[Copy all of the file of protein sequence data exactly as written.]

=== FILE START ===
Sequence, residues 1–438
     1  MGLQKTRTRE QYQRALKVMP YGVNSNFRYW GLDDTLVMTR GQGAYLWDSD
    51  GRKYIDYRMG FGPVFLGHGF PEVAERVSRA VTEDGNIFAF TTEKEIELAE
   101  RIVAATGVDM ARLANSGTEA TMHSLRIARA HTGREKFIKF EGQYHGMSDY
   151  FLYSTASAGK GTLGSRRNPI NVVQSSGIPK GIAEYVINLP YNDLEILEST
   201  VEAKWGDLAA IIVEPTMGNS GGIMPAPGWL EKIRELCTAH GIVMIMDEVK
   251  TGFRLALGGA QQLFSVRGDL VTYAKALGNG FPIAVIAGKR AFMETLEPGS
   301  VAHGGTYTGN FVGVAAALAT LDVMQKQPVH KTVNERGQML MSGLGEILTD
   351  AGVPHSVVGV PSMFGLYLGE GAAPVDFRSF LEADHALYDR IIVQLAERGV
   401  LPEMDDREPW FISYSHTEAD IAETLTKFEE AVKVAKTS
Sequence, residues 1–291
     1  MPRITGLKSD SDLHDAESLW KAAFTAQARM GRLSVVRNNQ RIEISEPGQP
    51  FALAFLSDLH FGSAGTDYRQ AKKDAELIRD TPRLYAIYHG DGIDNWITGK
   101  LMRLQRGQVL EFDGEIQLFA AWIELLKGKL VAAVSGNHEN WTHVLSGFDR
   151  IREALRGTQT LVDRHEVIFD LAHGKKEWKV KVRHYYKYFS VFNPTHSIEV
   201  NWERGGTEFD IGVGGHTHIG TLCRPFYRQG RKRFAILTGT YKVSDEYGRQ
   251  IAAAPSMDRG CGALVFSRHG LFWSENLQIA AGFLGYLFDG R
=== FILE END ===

Sequence, residues 1–438
     1  MGLQKTRTRE QYQRALKVMP YGVNSNFRYW GLDDTLVMTR GQGAYLWDSD
    51  GRKYIDYRMG FGPVFLGHGF PEVAERVSRA VTEDGNIFAF TTEKEIELAE
   101  RIVAATGVDM ARLANSGTEA TMHSLRIARA HTGREKFIKF EGQYHGMSDY
   151  FLYSTASAGK GTLGSRRNPI NVVQSSGIPK GIAEYVINLP YNDLEILEST
   201  VEAKWGDLAA IIVEPTMGNS GGIMPAPGWL EKIRELCTAH GIVMIMDEVK
   251  TGFRLALGGA QQLFSVRGDL VTYAKALGNG FPIAVIAGKR AFMETLEPGS
   301  VAHGGTYTGN FVGVAAALAT LDVMQKQPVH KTVNERGQML MSGLGEILTD
   351  AGVPHSVVGV PSMFGLYLGE GAAPVDFRSF LEADHALYDR IIVQLAERGV
   401  LPEMDDREPW FISYSHTEAD IAETLTKFEE AVKVAKTS
Sequence, residues 1–291
     1  MPRITGLKSD SDLHDAESLW KAAFTAQARM GRLSVVRNNQ RIEISEPGQP
    51  FALAFLSDLH FGSAGTDYRQ AKKDAELIRD TPRLYAIYHG DGIDNWITGK
   101  LMRLQRGQVL EFDGEIQLFA AWIELLKGKL VAAVSGNHEN WTHVLSGFDR
   151  IREALRGTQT LVDRHEVIFD LAHGKKEWKV KVRHYYKYFS VFNPTHSIEV
   201  NWERGGTEFD IGVGGHTHIG TLCRPFYRQG RKRFAILTGT YKVSDEYGRQ
   251  IAAAPSMDRG CGALVFSRHG LFWSENLQIA AGFLGYLFDG R